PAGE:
As this semester comes to a close, I think I’ve come to a decision about my teaching career, and I think that decision is that it’s basically over.
1. I’m skeptical that writing is learned effectively in a typical classroom setting.
Writing is learned by epiphany: you try different things and see which ones feel right. Sometimes that’s accelerated by placing yourself in the path of possible epiphany, writing a lot and reading a lot and also perhaps through classes or writing books. But in my too-large classes with students of vastly different abilities and interest levels, it’s almost impossible to do anything but present the broadest (one size fits none) principles.
2. The only classes I can teach as an adjunct are the very basic ones that serve as general English credit, so 80% of my students have no interest in writing, certainly not getting better at it.
And I have no idea what to do with them. Try to reinforce the basics of grammar and punctuation that they never learned? Encourage them to be more creative, though they don’t give a shit? Focus on the 20% who are interested in writing instead? I never know.
3. I’m not giving my students what they need, which is mostly time.
Adjuncting is my part-time job pursued in the evenings after eight hours at my regular one, and what the students need most is hours of individual mentorship in everything from where commas go to how to send stories off for submission. I do the best I can with manuscript comments, but the best success I’ve had has been during casual one-on-one conversations with individual students: “What’s up with you and semicolons?” I simply don’t have the time to do that with a full time job in addition to teaching.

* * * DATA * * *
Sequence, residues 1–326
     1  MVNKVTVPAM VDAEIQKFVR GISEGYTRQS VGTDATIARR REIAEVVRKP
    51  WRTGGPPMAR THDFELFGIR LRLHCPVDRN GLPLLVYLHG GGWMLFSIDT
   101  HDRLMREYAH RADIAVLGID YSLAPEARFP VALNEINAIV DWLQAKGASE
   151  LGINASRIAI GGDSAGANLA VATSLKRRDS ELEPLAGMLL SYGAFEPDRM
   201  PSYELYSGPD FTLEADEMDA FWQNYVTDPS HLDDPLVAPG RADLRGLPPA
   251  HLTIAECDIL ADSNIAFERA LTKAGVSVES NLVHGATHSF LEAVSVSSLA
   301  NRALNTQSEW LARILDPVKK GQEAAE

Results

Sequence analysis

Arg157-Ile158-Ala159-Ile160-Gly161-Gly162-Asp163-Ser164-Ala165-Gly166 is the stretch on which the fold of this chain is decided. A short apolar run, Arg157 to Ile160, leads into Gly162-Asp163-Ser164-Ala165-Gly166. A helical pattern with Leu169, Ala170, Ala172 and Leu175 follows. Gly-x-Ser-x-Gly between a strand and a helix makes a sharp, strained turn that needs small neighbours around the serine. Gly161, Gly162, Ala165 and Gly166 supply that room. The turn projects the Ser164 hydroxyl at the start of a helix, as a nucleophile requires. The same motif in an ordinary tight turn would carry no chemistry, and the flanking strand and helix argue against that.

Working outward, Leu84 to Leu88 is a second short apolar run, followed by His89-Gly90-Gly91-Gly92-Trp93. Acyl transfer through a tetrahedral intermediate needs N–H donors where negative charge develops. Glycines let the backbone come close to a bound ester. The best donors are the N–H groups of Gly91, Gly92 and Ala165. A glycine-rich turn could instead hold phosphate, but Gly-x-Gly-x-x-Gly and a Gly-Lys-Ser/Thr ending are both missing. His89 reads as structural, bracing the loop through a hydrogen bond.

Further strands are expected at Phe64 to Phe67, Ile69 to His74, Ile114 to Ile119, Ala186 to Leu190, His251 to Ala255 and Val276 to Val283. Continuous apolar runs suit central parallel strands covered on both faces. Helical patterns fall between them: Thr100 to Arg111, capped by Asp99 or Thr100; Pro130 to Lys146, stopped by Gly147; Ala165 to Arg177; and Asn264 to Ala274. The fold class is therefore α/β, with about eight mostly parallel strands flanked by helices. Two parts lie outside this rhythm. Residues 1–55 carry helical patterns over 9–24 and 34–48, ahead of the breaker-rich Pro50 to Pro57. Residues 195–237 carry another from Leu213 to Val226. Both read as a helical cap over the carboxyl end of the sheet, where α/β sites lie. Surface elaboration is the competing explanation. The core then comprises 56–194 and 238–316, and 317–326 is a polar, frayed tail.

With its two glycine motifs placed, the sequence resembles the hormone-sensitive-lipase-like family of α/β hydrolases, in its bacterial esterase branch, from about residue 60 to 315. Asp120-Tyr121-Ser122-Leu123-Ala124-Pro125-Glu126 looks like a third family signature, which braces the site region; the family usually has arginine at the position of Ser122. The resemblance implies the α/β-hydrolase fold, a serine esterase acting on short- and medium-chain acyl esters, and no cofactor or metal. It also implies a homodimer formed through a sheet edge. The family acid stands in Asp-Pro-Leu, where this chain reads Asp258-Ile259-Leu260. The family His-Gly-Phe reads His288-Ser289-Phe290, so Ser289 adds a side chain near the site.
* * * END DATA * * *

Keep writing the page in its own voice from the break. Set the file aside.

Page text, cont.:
4. I don’t like reading people’s unfinished manuscripts.
Basically my students need to be told one of two things: “Keep doing this” and “Stop doing that.” The problem is that they hand in work that is way too close to composition so I’m telling them things they’d probably fix themselves in a rewrite. I never feel like I’m saying enough of the right things at the right time.
5. I don’t need the money as much as the other adjuncts.
Adjuncts are paid for shit, and many of the ones at my university work multiple teaching gigs all over town. Every time I teach a class for my credit card money, that’s one less that some poor bastard living off this shit will get.
6. There are standards and rigidity and accountability coming.
To their credit, my English department is trying to establish a baseline of actual repeatable results for the students, but all I want to do is say weird funny things about writing until someone accidentally learns something. It’s only a matter of time before calling myself “the Hannibal Lecter” of the English department or saying Halloween is Satan’s birthday results in a complaint and a long awkward talk.
7. It upsets me that students don’t leave my class cheering or weeping with the inspiration to write.
Hideous confession time: I am far more motivated by entertaining people than teaching them (mostly because the results of the former are way clearer than the latter).
8. Yes, it saps time and energy from writing.
Though I did manage to rewrite a novel this year with some better time management, my day job suffered a little and the writing could have gone better.
One reason I might teach again:
If I get an opportunity to teach/mentor a smaller group of motivated students in the way I want — “Hey, let’s hang out and write and read what we’ve got and talk about it” — I’d jump at it.
You learn writing by doing it a lot, trying new things, being honest with yourself about the results, and getting firm feedback from someone experienced that you trust. If I could help that, it might be worth it…to me and to the students.